Thursday, March 22, 2018

The Worst Acting Performances of 2017 [5 to 1]

Emma’s shade-throwing at bad acting continues! Read 10 to 6 here. I like to think I was relatively measured in my snark before. As we’re now onto the bottom five, I can’t promise to be so kind! Ehehe.

05. Johnny Depp, Murder on the Orient Express

As the sketchy art dealer Ratchett, Depp’s character is killed off early on, leaving Kenneth Branagh’s sleuth the rest of the film to piece together whodunit. The Johnny Depp of old, the Depp we saw in Pirates of the Caribbean (the first one, not the 34897 laboured sequels after), Ed Wood and Edward Scissorhands would have seized this role with aplomb and made an indelible impression in his limited screen time.

The Johnny Depp of late, however, is just here to collect his paycheque. Depp sleepwalks through his lines, completely lacking urgency in a pivotal scene where he asks Poirot to investigate who’s been sending him death threats.

Ratchett is an unappetising character, who has made his share of enemies over his lifespan, so in reality, he would be much more impassioned when asking the detective for his help, probably even having to beg. But Johnny Depp uses none of the actor’s tools that he has so capably applied in the past (facial expressions, change of voice and body language), instead reciting his lines with such indifference that the audience can’t help but wonder if Ratchett cares whether he dies or he lives.

The actors surrounding him, particularly Josh Gad and Derek Jacobi, try their best to make up for Depp’s lethargy in their own performances, but there is only so much your co-stars can carry you, particularly if you’re a mega-star like Johnny Depp.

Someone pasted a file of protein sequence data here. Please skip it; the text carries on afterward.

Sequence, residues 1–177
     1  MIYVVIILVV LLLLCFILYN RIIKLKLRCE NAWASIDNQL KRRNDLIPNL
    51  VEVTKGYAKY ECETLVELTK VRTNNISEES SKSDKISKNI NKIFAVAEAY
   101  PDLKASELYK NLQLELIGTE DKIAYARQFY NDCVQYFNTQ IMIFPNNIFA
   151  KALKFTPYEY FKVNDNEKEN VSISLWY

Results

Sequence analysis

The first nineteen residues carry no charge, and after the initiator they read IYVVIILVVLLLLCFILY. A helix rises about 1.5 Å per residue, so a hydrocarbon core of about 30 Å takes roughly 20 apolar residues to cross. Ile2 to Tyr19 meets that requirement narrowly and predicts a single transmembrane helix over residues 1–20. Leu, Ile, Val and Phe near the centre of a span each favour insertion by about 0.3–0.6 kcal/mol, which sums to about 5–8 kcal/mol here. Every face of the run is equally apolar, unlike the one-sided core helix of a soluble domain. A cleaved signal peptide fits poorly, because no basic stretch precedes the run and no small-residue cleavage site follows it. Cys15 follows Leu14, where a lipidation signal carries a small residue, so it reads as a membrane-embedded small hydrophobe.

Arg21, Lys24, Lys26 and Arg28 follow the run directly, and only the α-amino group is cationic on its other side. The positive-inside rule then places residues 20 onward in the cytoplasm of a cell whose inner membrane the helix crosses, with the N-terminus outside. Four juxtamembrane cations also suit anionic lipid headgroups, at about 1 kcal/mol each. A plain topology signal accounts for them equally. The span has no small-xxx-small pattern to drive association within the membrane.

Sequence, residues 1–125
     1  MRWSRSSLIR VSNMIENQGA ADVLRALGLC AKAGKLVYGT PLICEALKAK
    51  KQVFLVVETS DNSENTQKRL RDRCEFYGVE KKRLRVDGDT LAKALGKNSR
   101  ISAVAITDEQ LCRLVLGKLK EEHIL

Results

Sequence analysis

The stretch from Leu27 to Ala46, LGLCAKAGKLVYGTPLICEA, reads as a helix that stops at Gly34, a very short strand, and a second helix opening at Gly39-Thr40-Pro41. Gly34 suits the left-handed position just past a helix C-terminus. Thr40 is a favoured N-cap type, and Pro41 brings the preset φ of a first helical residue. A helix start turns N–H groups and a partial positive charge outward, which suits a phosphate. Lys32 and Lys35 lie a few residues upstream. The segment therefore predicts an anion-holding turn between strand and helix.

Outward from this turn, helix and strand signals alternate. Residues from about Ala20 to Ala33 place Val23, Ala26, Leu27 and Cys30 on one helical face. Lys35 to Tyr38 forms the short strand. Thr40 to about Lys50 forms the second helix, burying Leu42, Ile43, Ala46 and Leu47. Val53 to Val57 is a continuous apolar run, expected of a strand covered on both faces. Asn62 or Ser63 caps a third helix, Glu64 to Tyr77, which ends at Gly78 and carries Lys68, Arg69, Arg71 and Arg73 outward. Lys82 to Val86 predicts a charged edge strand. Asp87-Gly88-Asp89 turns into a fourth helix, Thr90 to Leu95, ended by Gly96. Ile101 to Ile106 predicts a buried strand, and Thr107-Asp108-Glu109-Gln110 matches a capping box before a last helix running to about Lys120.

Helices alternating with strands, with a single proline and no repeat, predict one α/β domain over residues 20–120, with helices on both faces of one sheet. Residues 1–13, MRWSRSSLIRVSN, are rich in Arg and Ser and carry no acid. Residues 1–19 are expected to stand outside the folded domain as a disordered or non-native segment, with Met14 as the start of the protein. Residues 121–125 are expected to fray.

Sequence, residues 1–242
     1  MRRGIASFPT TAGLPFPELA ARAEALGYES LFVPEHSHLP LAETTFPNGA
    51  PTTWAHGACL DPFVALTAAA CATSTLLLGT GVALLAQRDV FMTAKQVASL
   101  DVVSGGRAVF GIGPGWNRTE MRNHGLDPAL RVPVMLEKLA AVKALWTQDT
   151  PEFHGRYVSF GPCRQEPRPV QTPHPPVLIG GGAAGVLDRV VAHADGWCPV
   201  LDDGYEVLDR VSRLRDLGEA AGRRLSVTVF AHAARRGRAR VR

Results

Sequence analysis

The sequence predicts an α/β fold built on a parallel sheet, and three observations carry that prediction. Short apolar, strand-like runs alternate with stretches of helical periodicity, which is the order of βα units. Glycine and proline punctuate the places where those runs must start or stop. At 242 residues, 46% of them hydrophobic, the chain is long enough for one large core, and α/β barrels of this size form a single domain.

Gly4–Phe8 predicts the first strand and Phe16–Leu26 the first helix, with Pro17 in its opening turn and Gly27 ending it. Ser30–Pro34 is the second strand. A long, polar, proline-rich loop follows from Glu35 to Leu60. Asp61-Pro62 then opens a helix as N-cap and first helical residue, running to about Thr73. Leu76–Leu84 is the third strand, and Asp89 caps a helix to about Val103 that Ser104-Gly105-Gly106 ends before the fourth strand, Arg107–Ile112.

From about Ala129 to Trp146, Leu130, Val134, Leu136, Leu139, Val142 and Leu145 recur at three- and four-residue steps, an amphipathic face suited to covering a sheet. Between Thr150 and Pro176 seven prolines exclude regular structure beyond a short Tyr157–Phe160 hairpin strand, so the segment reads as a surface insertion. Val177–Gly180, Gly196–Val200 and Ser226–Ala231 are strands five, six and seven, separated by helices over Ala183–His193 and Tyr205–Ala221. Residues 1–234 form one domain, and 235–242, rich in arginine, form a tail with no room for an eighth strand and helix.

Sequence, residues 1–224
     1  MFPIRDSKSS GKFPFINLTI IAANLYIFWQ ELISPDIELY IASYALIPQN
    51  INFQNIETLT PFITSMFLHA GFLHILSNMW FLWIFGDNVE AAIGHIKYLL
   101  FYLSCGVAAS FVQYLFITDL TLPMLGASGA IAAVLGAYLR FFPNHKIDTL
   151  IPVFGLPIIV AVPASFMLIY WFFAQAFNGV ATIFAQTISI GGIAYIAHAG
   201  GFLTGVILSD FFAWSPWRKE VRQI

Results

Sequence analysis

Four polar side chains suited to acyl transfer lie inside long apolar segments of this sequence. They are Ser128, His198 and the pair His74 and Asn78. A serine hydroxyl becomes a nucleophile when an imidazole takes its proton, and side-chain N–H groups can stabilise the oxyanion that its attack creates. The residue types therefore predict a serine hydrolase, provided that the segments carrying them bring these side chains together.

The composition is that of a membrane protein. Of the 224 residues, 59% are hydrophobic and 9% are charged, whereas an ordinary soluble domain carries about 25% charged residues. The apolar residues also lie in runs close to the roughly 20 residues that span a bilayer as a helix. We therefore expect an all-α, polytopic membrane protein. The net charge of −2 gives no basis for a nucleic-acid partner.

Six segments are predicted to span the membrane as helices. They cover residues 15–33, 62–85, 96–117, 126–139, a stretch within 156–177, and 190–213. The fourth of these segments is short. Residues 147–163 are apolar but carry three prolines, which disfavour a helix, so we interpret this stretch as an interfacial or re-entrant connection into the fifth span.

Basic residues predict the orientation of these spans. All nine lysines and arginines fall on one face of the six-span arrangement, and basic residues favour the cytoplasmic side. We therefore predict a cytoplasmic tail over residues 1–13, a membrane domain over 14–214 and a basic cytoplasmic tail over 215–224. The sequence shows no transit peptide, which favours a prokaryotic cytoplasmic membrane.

The only positive about Depp’s appearance in this film, is that it gives Kenneth Branagh the opportunity to deliver the scathing ‘I do not like your face’ line to him (between this and “You can almost see it from here. Home.” in Dunkirk, the actor/director has been blessed in 2017!).

Given the unsavoury allegations of abuse levelled at Johnny Depp from his ex-wife Amber Heard and the ongoing backlash about J.K. Rowling endorsing his appearance in the upcoming Fantastic Beasts movie, when she has always been an advocate for protecting women in the past (a figure in the media saying one thing and doing another! That doesn’t sound familiar at all. #ohaiEmmaStone), Poirot is certainly not alone in that sentiment.

04. Cara Delevingne, Valerian
Just like in Paper Towns (which earned Blahra a second place finish on this list in 2015; she’s somewhat of a regular on these lists), Delevingne is meant to play the romantic heroine in Valerian, but fails to engage with the audience due to her haughty, smug demeanour.

This adversely affects Valerian, because, at some point in the film, her character, Laureline, must rescue her police partner, Valerian (Dane DeHaan, whose heavy bags under his eyes suggest that they probably had to re-shoot scenes over and over again because Cara kept fluffing her lines). Due to Cara’s smirking and flouncing around, I got the impression she was far more concerned about her hair looking pristine for the cameras than she was for Valerian’s safety.

Given that the film is trying to pitch these two as love interests, this detracts massively from the credibility of a film which is already asking the audience to suspend their belief on many things (like the futuristic galaxy in which they inhabit).

Someone really ought to tell Delevingne that pouting and rolling your eyes do not constitute acting. The ‘actress’ also sings a song for the OST of Valerian, and, er, judge for yourself, but I don’t think it’s unfair to say her musical prowess is comparable with her acting.